Generally stated, the present invention includes the provision of an electronic code entry device, a safe door bolt manipulation means which moves the safe door bolts between protracted and retracted positions in response to rotation of a standard safe door handle, and a locking means for normally restricting operation of the bolt manipulation means until the predetermined electronic code has been entered and a code responsive signal generated. Additionally, an entry preclusion means is provided which precludes unauthorized operation of the locking means.
More specifically, the locking means of the present lock includes a spring biased rotary bolt provided with a limit stop and a cam surface, wherein the cam surface engages and restricts operation of the bolt manipulation means, and a solenoid armature post normally biased to a position where it engages the limit stop restricting rotation of the rotary cam bolt until after entry of the predetermined code, at which time the post retracts allowing rotation of the rotary bolt against its bias. More specifically, the limit stop has an over-hanging retainer lip and the post has a flange on the end whereby the post flange underlies the limit stop retainer lip to prevent unauthorized lock defeating manipulation of the post through vibration, pounding or other attempted unauthorized manipulation of the lock.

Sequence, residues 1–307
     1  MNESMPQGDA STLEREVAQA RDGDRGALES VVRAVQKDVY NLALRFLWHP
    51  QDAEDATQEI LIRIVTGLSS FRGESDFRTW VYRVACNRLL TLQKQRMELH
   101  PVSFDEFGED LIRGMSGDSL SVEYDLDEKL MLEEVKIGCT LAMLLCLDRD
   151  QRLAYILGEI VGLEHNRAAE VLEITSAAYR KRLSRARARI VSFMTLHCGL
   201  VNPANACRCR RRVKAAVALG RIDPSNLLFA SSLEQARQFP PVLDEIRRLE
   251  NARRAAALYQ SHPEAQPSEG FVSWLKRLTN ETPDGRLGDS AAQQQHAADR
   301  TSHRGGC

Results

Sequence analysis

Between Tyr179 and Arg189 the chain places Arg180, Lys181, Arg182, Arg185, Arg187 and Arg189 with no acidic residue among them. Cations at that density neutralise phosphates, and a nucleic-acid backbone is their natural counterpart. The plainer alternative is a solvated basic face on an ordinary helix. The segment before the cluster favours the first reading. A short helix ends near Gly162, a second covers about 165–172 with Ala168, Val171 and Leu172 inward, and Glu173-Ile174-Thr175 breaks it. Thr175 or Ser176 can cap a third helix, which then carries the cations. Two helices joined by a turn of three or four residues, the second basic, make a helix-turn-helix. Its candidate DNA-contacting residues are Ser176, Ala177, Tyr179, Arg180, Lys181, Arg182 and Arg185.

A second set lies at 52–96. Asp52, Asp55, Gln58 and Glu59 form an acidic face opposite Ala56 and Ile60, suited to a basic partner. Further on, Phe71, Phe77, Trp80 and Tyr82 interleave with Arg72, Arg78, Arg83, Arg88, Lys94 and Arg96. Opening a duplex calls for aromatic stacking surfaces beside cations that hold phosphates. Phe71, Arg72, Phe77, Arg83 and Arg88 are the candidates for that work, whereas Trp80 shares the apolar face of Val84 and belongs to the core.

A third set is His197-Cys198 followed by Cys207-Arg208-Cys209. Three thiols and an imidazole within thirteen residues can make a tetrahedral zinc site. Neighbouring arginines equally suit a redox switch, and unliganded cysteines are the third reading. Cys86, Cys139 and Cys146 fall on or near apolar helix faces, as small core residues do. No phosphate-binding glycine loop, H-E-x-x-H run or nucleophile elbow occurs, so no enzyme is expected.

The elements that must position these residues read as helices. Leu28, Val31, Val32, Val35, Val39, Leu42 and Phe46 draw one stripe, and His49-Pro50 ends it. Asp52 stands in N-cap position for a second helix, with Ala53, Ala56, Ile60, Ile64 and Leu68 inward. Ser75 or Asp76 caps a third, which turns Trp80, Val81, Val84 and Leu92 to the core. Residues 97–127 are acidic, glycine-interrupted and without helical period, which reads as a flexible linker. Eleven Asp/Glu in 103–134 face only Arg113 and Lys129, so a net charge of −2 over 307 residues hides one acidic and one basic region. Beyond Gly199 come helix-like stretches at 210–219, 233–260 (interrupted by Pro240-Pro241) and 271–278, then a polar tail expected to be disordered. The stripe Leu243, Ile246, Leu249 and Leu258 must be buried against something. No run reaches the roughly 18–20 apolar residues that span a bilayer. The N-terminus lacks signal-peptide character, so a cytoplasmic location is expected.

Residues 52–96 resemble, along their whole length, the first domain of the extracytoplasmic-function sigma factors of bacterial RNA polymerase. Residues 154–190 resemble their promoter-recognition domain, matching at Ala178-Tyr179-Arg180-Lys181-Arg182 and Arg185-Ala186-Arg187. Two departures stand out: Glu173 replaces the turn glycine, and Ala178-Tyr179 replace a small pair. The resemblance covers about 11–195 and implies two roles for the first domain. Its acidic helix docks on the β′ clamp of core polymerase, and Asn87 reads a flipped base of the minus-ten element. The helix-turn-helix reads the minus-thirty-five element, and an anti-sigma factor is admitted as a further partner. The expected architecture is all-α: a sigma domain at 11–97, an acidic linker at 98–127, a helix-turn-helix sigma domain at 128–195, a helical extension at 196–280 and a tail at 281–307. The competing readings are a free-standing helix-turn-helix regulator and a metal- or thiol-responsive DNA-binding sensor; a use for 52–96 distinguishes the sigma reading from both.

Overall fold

A more complete understanding of the electro-mechanical lock of the present invention will be afforded to those skilled in the art, as well as a realization of additional advantages and objects thereof, by a consideration of the following detailed description of a preferred exemplary embodiment thereof. Reference will be made to the appended sheets of drawings which will be first described briefly.